Nairobi, Kenya - The Treasury and 10 Kenya local banks will control 87 per cent of Kenya Airways (KQ) under the national carrier’s debt restructuring plan which will see them convert loans of Sh44.2 billion to equity.
The government’s stake under the plan will rise to 48.9 per cent from 29.8 per cent, while the banks’ stake will stand at 38.1 per cent, acquired under a special purpose vehicle known as KQ Lenders Co.
Both say in notices posted Monday that they have also applied to the Capital markets Authority (CMA) for exemption from a requirement to make a takeover offer for the airline, on the grounds that the restructuring is on the basis of rescuing a firm in financial distress in the interest of the public.
“KQ Lenders Co will be issued with new shares in KQ equivalent to 38.1 per cent of the ordinary voting shares in the capital of KQ in consideration for conversion of a portion of the debt being equivalent to $167.24 million (Sh17.2 billion),” reads the notices in part.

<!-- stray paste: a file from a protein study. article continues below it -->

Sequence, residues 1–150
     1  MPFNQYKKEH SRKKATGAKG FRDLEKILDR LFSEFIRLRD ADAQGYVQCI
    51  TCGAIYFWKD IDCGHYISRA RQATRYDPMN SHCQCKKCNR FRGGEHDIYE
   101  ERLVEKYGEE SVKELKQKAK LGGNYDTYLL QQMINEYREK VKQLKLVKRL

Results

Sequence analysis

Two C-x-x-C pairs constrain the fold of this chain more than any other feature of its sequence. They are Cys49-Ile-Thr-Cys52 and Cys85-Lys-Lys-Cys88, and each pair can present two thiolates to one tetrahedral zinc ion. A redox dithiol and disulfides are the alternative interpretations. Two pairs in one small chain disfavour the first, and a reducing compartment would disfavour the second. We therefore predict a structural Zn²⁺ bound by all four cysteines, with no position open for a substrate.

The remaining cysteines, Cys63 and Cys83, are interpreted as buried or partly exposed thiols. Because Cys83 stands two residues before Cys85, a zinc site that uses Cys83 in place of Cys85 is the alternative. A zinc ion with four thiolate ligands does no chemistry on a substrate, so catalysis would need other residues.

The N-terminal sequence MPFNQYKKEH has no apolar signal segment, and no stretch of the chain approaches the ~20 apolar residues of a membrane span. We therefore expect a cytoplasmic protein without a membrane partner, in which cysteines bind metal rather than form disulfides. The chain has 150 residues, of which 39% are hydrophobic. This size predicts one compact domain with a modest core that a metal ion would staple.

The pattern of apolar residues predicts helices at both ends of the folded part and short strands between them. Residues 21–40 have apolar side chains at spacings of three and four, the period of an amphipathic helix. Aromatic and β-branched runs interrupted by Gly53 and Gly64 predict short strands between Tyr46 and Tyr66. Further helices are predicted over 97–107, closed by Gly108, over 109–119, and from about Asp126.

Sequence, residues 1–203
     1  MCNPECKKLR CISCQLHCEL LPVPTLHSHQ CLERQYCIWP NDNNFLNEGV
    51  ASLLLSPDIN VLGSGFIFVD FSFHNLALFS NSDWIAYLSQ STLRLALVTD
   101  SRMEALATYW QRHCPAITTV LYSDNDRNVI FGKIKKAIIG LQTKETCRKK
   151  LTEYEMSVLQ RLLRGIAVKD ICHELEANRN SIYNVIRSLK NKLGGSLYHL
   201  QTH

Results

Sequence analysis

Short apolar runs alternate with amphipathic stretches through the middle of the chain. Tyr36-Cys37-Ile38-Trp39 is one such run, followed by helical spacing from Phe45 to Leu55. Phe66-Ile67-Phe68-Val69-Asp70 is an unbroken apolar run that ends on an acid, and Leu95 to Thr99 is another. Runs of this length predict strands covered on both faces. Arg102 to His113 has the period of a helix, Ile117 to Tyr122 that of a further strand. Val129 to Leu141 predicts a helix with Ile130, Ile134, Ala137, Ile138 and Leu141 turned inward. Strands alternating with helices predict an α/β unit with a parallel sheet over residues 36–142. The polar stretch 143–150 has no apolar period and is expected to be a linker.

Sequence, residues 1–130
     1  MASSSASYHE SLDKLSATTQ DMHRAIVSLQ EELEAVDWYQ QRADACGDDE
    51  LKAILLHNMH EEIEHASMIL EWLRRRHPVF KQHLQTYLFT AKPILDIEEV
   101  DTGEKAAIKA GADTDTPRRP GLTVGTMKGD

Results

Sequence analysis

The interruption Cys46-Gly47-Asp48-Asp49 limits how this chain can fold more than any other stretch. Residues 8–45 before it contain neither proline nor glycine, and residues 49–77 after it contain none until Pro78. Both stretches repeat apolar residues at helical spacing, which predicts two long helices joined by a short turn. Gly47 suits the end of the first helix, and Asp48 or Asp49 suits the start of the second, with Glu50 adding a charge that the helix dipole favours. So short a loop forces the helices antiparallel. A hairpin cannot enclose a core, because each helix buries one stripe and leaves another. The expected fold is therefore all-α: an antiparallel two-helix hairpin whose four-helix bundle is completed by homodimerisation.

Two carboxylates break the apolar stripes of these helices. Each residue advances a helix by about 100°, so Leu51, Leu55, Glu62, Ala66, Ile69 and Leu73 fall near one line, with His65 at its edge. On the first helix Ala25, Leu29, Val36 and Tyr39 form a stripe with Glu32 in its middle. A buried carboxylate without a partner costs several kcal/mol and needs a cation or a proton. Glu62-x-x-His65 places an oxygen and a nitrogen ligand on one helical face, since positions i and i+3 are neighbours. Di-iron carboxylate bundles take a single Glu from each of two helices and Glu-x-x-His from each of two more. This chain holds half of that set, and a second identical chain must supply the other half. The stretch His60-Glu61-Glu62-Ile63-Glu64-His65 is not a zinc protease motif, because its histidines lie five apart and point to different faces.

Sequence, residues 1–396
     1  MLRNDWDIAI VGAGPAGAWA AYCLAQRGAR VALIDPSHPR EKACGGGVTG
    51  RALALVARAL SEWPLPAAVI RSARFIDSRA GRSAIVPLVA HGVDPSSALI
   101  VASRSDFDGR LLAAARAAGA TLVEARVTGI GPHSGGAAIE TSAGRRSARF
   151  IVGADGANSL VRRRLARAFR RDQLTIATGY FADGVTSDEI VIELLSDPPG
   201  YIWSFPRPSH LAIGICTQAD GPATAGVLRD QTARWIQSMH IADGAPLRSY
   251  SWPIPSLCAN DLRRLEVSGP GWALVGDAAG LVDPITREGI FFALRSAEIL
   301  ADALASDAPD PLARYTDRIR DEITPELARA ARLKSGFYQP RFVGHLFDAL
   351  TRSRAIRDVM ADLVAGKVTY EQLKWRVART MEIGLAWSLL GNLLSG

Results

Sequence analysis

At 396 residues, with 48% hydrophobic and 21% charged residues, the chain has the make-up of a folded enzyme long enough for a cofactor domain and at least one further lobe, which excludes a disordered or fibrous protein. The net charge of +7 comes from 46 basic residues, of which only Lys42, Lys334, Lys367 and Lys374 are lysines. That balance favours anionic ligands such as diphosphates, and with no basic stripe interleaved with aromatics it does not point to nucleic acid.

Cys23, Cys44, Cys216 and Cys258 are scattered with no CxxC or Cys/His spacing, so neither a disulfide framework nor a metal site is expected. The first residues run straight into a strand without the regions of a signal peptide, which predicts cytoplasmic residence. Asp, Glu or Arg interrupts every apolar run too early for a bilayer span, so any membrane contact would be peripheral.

“The effect of the debt conversion (by the government of Kenya) is the acquisition of an additional 19.1 per cent of the ordinary voting shares of KQ resulting in the increase of the government’s shareholding from 29.8 per cent to 48.9 per cent.”
Huge impact on economy
The debt restructuring plan that was first mooted in June has been agreed following long negotiations which saw one bank, Jamii Bora, opt out of converting their loan, and instead choosing to receive their dues over a five year period.
KQ's creditors (Sh bn)
The Treasury came up with the plan to save KQ from collapse due to the huge negative impact this would have on the economy, affecting the transport, logistics and tourism sectors which depend on the airline.
A KQ collapse would also cost the economy thousands of jobs, and affect Kenya’s ability to attract investment given that Nairobi’s ease of connection to global cities has been cited as one of the reasons companies base their regional offices in the country.
Banks would suffer immensely as they would have to write off billions of shillings in bad loans and also lose out on other trading income they receive from the airline.